That’s the essence of a successful financial marathon.
Excerpt from 9/10/2007 Mailbag, in response to my 8/27 column on student loans:
To the Editor:
Regarding the Aug. 27 Electronic Investor column on student loans, the gifting strategies Theresa W. Carey employed for her daughter’s college payment plan aren’t still valid. Prior to enactment of the Pension Protection Act of 2006, parents could make a gift of appreciated securities to a minor over age 13, and have the minor sell them at his lower tax bracket to pay for college. The 2006 act changed the kiddie-tax age to 18 in 2006, and then 2007 legislation changed it to age 23 for full-time students. Unearned income in a given year above $1,700 for a full-time student, up to age 24, is taxed at the parents’ typically higher rate, making this strategy a non-starter for most college-bound families.
College Planner LLC
Walnut Creek, Calif.
Published in Barron’s, September 10, 2007.
Friday, September 14, 2007
TD Ameritrade's Statement Regarding Database Breach
The following is a press release issued by TD Ameritrade this morning:
TD AMERITRADE RELEASES RESULTS OF CLIENT SPAM INVESTIGATION
Assets Remain Secure
No Evidence of Identity Theft
Omaha, Neb., September 14, 2007 – TD AMERITRADE Holding Corporation (NASDAQ: AMTD) has discovered and eliminated unauthorized code from its systems that allowed access to an internal database. The discovery was made as the result of an internal investigation of stock-related SPAM.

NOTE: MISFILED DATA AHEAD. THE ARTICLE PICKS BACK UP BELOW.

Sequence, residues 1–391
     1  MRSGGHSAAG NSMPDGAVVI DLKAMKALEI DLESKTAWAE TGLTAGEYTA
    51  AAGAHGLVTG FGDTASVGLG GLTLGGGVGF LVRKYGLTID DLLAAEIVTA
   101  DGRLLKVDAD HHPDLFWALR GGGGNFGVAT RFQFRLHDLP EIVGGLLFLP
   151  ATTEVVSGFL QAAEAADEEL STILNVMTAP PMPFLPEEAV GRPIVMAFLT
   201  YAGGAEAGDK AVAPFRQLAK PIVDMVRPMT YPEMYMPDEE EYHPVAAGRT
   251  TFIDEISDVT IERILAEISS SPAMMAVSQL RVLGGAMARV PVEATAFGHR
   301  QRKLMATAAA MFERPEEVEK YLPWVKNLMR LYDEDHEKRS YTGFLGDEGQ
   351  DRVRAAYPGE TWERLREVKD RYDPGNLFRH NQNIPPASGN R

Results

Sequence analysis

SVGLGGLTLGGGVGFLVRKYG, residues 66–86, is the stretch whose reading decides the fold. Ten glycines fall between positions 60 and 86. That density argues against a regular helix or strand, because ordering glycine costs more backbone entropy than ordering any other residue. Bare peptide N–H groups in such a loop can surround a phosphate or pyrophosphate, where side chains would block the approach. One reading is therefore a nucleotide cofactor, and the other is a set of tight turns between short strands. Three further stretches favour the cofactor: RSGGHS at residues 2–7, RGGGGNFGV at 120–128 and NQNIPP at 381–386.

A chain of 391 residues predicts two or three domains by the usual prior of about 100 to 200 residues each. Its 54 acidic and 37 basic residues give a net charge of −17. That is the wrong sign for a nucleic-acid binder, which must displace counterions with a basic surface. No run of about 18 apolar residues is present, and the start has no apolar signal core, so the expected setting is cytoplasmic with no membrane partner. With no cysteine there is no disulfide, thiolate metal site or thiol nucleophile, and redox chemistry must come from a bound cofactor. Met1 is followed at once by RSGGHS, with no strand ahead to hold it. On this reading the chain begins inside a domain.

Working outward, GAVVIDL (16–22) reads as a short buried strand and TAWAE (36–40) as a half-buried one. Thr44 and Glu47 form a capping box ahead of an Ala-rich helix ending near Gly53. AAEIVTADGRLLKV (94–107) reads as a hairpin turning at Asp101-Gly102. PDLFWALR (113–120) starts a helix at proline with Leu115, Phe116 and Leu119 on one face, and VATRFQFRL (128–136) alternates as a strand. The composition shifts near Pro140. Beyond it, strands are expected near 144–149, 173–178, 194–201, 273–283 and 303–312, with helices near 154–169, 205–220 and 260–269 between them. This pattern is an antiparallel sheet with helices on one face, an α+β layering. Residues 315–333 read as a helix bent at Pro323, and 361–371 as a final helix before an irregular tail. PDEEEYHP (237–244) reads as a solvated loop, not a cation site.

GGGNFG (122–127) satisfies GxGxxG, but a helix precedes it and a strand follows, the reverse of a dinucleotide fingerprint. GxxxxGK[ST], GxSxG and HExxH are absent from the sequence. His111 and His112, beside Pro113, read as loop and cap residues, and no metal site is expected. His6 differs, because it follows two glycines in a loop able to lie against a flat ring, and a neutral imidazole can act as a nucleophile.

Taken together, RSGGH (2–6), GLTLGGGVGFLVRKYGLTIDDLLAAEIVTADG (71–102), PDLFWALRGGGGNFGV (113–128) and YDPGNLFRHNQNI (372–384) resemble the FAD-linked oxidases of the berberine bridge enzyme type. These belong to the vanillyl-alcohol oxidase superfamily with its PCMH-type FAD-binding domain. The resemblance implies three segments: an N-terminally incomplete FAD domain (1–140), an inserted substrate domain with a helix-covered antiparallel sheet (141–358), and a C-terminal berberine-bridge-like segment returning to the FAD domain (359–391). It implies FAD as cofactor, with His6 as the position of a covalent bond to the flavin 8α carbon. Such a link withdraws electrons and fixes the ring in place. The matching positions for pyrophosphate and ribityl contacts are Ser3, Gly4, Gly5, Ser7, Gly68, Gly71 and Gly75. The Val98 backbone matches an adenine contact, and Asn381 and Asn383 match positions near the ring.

The Company commissioned forensic data experts to assist in its investigation of this issue. Results of their combined efforts reveal the following:
—Client assets held in accounts with the Company remain secure as UserIDs, personal identification numbers and passwords were not stored in this particular database.
—Information such as email addresses, names, addresses and phone numbers was retrieved from this database and affects TD AMERITRADE retail and institutional clients.
While more sensitive information like account numbers, date of birth and Social Security Numbers is stored in this database, there is no evidence that it was taken.
“While the financial assets our clients hold with us were never touched, and there is no evidence that our clients’ Social Security Numbers were taken, we understand that this issue has increased unwanted SPAM, which is annoying and inconvenient for them,” said Joe Moglia, chief executive officer. “We sincerely apologize for that and any added concern this may have caused.”
The Company has hired a third party, ID Analytics, Inc., to investigate and monitor for potential identity theft. ID Analytics provides identity risk services to many of the country’s largest banks and telecommunications companies, as well as government agencies. Following its initial evaluation, ID Analytics found no evidence of identity theft as a result of this issue.
“Following our thorough analysis, we found no evidence of identity theft related to TD AMERITRADE clients as a result of this issue,” said Mike Cook, chief operating officer of ID Analytics, Inc. “In our opinion, TD AMERITRADE is applying proven measures and technologies to help protect its clients from identity theft.”
TD AMERITRADE will retain ID Analytics’ services on an ongoing basis to support its client accounts by continuing to monitor for evidence of identity theft.
The Company is confident that it has identified the way in which this information was taken and has taken the appropriate steps to prevent it from recurring.